Turning My Freelance Copywriting Career Into a Business Entity

by Erik Neilson 1 replies
Hey all,

To make a long story short, I've been freelancing as a copywriter for about ten years now, and it has become clear that it's time for me to step things up. I've been landing a lot of private clients (re: not working through as many agencies contract-wise anymore) and have been told by mentors that it's time to stop being "erik" and start being a company.

I have a name, a general idea of where the business will go and an idea of how it will be taxed (llc taxed as s corp) AND i'm meeting with a new accountant tomorrow to discuss all of this. My question to you all is: what do I need to keep in mind as I move forward with this? I will still be a sole proprietor for all intents and purposes (i may contract out employees eventually).

Thanks!
#copywriting #business #career #copywriting #entity #freelance #turning
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  • Profile picture of the author Jason Kanigan
    I am not an accountant or an attorney and this is not "professional advice."

    I've run my biz through an s-corp since 2012 and it is a pass-through entity. Think of it as a pipe your revenue flows through so you can be taxed at a lower rate.

    Making this shift isn't as big a deal as you may be making it out to yourself. Operationally you will still be invoicing, hiring 1099s as needed, and doing the work. An employee is someone you require to do things "your way" and on "your schedule", so if you have people doing tasks on their own schedule (with a deadline, of course) and as they want to do it (you are allowed to provide guidelines) then you're OK with 1099s.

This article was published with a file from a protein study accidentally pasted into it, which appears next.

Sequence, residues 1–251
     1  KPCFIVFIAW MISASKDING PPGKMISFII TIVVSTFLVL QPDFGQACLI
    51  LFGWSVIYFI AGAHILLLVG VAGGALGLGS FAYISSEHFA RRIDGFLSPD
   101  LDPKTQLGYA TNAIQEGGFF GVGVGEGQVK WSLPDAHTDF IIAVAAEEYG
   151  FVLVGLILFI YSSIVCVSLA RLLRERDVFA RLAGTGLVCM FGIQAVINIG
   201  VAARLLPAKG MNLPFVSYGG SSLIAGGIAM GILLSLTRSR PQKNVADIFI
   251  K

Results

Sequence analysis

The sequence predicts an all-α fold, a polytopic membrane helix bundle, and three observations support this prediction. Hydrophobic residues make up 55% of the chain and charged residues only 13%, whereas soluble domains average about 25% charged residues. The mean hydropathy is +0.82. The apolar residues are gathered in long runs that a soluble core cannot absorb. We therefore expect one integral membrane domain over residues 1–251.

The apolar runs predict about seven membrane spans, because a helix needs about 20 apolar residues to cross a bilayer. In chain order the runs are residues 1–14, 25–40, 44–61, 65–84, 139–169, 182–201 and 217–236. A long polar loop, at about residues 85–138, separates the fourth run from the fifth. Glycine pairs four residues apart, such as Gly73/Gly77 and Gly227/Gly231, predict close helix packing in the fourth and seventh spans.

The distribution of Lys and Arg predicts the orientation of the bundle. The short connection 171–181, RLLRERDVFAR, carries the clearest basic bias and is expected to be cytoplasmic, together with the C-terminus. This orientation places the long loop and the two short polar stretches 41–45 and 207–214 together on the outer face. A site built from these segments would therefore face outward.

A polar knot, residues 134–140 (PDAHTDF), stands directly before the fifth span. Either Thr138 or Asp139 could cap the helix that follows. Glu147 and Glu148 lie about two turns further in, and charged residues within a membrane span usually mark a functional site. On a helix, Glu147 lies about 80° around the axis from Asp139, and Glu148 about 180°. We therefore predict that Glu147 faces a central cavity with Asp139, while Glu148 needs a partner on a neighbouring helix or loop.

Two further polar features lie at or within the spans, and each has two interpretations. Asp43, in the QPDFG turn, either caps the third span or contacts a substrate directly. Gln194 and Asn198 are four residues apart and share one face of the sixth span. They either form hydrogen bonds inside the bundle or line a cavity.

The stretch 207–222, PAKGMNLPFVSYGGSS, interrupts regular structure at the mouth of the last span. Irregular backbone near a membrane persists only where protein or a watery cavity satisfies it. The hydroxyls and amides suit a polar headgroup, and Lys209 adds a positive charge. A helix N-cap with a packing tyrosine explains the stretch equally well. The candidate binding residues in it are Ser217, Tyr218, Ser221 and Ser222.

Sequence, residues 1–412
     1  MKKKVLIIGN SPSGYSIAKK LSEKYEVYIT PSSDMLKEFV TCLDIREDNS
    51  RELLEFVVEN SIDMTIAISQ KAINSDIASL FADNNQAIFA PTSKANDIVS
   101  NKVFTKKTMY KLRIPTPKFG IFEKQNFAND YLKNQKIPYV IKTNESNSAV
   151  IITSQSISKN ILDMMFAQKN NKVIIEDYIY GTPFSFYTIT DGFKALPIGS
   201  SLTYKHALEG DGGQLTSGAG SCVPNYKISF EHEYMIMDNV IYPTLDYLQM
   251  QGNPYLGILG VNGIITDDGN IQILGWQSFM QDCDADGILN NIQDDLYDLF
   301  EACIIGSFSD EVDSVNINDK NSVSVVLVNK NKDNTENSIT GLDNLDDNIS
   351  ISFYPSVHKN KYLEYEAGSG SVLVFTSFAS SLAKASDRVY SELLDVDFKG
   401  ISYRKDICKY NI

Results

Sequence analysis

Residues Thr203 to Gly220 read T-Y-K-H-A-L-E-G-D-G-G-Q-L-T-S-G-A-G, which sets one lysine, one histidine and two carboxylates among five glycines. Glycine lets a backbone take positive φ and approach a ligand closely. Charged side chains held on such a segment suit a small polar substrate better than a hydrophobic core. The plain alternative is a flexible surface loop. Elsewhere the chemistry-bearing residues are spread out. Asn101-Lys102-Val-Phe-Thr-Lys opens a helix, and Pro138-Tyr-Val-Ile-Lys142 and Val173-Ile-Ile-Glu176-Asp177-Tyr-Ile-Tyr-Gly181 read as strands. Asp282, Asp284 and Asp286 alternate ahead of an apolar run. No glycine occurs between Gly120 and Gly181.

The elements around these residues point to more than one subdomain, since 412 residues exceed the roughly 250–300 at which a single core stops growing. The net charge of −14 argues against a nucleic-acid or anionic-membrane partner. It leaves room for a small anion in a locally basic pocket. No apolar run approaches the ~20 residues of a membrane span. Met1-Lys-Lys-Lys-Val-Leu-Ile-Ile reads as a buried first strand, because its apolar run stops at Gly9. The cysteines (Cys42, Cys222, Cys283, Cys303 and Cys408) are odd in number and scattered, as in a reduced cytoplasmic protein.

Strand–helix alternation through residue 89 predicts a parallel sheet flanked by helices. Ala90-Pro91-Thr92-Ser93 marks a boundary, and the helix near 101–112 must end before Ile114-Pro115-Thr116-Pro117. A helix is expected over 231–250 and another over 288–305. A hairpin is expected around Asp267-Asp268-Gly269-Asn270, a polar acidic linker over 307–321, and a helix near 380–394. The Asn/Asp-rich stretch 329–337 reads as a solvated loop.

You have an accountant which is good: companies require a 'real' accountant, so no more going to H&R Block ;-) It'll cost you a little more but on the other hand if you have a good accountant who understands home-based businesses you should be able to claim more deductions.

    You have probably already been doing this, but make sure you keep all your receipts. If you have a view to a profit by doing something, it's likely an expense. Buy a business book? That's an expense. Buy office supplies? Those are expenses. Get a new desk chair? Also an expense. These things add up over a year. Coaching and training you get--including courses you buy--are also expenses.

    The game you are in is to earn as much revenue as possible, then set as high a level of expenses as you can against it so that your taxable revenue is minimized. Naturally you want this to be completely legal, and your accountant should know what normal ranges there are for expenses. The IRS, I'm sure, has tolerances for expense categories. If "meals and entertainment" becomes an expense total that is 30% of your revenue, that's probably going to flag them for auditing. So make sure your accountant knows what ledger accounts to put different expenses in, and isn't doing huge lump sum categories.

    Contrast this with the employee game, which is to earn as much as possible and then pay taxes on it. But even as an employee (though most don't know or do this) you can apply some expenses against income to reduce taxable revenue.

    You are good up to $100K or so in revenue and then you will likely have to consider going to a c-corp. Don't get all hissy-fitty about details and balancing everything to the last half-penny. Your tax return tells the story of what happened over the year and isn't a microscopic record to be studied by future generations ;-)
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